- Two of the most powerful words that can boost your returns…
- … But do you have the patience to use them?
- Bilderberg “Brexit” plotting: Will the referendum’s outcome even matter?
- One easy payment! Rolling up a student loan into a mortgage
- Our first hint at a major gold market disruption… Hef’s a renter now… the “right” way to read this e-letter (as described by readers themselves)… and more!
So… You get the new issue of your favorite Agora Financial newsletter or trading service in your email. The editor makes a compelling case for his latest recommendation. You’re really sold on it. You decide to act. You go to your brokerage account.
What do you do next? Do you…
a) Put in a market order?
b) Double-check the editor’s buy-up-to price, see the recommendation is trading above that price and put in a market order anyway… just because you’re so stoked about the idea?
c) Put in a limit order making sure you don’t buy any higher than the editor recommends?
If you answered anything other than c), we need to talk.
If the editor lays out a buy-up-to price, there’s a reason for that. Pay heed.
The editor is looking out for your best interests. He or she put a lot of research into that recommendation… and doesn’t want to see you overpay.
It’s all about maximizing the potential gain. Sure, if the editor recommends buying below $10 and the price is $12, you’ll make out nicely if the price zooms to $20. Nothing wrong with a 67% gain. But you won’t make out nearly as well as if you’d waited for the price to pull back below $10. Then you’d bag a 100% or higher gain.
Case in point — the microcap company working on a solution to charge your smartphone or laptop wirelessly.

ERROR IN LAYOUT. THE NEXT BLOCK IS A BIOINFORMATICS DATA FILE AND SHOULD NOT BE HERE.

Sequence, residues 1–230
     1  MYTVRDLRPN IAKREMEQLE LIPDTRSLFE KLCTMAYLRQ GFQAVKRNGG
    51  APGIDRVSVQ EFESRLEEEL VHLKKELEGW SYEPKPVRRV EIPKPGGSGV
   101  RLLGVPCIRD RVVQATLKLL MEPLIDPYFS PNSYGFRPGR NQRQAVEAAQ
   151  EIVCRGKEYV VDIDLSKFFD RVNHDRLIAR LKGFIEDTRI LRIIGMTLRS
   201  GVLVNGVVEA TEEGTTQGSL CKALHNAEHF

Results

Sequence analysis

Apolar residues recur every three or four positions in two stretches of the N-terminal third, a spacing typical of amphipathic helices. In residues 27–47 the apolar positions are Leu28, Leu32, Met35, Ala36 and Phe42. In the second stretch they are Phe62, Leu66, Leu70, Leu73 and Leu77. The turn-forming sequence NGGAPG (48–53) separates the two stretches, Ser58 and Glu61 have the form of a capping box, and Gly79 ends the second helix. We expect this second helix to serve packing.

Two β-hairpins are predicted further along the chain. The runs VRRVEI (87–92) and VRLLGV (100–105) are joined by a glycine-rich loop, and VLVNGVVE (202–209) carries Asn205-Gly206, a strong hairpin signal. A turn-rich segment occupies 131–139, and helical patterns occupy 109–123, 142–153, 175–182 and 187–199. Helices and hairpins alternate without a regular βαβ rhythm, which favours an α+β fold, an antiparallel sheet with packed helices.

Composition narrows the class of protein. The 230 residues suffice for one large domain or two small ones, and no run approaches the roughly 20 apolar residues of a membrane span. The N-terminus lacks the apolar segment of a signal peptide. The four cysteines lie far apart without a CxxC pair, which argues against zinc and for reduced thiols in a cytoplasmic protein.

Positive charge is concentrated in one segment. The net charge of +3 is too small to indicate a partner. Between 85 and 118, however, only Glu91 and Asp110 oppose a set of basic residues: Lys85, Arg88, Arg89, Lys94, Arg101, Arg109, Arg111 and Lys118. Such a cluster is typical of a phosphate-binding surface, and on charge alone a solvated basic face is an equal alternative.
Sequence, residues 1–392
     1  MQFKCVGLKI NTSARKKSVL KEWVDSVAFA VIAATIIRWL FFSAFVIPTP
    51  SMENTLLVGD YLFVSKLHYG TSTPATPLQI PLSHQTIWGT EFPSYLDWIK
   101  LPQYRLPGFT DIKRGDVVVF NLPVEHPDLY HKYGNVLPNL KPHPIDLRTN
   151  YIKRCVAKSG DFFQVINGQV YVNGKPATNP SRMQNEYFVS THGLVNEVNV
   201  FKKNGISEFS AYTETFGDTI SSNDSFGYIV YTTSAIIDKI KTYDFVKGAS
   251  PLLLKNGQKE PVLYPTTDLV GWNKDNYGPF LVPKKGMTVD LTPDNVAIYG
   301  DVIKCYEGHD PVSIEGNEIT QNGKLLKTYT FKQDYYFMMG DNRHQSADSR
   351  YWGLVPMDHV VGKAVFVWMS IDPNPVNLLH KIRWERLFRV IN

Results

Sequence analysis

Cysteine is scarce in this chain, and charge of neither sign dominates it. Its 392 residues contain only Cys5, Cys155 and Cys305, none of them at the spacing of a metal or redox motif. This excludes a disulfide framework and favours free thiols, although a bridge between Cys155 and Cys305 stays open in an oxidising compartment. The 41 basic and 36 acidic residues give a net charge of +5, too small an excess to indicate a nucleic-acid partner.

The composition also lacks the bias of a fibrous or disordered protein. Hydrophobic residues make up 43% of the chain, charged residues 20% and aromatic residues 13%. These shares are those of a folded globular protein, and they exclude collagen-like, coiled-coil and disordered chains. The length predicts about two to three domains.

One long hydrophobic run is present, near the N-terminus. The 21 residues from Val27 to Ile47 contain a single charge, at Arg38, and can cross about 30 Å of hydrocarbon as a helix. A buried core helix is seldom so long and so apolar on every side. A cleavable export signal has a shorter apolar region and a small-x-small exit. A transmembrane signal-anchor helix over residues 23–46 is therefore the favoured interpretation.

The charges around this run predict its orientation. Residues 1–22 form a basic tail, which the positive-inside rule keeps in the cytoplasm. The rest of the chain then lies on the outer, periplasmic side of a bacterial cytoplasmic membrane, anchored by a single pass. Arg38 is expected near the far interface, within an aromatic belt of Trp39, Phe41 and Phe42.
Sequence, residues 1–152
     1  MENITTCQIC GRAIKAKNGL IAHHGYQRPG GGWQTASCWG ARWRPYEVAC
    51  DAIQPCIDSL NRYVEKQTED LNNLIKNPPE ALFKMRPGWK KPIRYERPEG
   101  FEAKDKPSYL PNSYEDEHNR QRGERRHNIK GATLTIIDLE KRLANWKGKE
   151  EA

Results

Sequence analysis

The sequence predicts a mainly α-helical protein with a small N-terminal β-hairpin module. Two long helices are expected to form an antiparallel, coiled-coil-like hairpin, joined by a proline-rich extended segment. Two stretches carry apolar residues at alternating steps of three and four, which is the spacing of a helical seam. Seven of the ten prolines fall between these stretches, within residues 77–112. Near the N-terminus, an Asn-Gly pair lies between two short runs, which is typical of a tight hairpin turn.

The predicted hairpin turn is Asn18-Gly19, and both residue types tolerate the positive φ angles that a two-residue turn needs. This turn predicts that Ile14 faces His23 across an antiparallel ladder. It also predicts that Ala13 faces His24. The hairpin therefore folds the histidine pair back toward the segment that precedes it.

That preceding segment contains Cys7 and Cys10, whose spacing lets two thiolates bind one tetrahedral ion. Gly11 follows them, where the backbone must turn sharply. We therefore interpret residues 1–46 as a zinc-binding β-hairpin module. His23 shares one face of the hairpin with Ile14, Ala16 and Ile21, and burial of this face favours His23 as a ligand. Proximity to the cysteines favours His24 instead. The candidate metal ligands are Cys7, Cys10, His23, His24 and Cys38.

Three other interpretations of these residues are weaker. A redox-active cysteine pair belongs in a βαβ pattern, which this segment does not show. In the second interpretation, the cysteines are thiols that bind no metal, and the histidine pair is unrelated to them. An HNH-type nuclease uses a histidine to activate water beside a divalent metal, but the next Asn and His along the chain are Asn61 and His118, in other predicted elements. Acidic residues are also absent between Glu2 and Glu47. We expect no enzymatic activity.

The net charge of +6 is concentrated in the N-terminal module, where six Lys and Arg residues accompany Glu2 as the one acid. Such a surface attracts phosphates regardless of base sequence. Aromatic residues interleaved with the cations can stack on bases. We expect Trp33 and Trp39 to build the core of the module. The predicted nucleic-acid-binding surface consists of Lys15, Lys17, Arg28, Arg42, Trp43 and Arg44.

We’ve written about this opportunity in The 5 only twice — yesterday, and on May 16.
We noticed that on May 17, the share price spent several hours above the buy-up-to threshold.
We hope you weren’t among those people “chasing the price” — because in the days that followed, the share price fell a good 10%. That afforded you an opportunity to get in well below that buy-up-to threshold.
As we write this morning, the price is once again above the threshold… and rising. The editors behind this recommendation are evaluating whether to raise the buy-up-to price.
That’s because as a group, small caps have been breaking out in recent weeks. And in the case of this particular microcap, there’s a near-term catalyst we’re anticipating — a deal with Apple that might be announced next week at Apple’s Worldwide Developers Conference in San Francisco.
The editors will settle on a new buy-up-to price that ensures readers will have a chance to get in on the opportunity… while still not overpaying. No, it won’t be as good a price as could be had a couple weeks ago, but them’s the breaks.
All we’re saying is don’t let your emotions get the better of you. Two words can keep those emotions in check. Look for them in the drop-down menu of your brokerage account’s website when you buy: “Limit order.” If the share price is trading above the editor’s recommendation, plug in that buy-up-to price.
Then wait. Wait for the share price to come to you. As the great American philosopher Archie Bunker once said, “Patience is a virgin.”
If you don’t think you have the patience, if you don’t think you’re capable of constraining yourself in the moment, then whatever you do, don’t click on this link.
Here we go: The major U.S. stock indexes are pushing toward highs last seen just before the bottom fell out of the market last summer.
At last check, the S&P 500 is up seven points, at 2,116. Fourteen points more and the index will equal its all-time high set just over a year ago. The Dow just topped 18,000 for the first time since April.
Gold is hanging in there at $1,240. Crude has pushed its way past $50.
As we anticipated yesterday, Federal Reserve chair Janet Yellen delivered no surprises during her latest Very Important Speech: The Fed is “data dependent” when evaluating whether to raise interest rates, and the data have been weak of late. Thus, no increase when the Fed meets next week. That certainty might well be what’s helping fuel the rally today.
We did notice Yellen made mention of the “Brexit” referendum on a British withdrawal from the European Union. She said a vote to leave would have “significant economic repercussions.” Not surprising, but with the vote coming up only eight days after the Fed meeting, it’s one more argument against a rate increase now.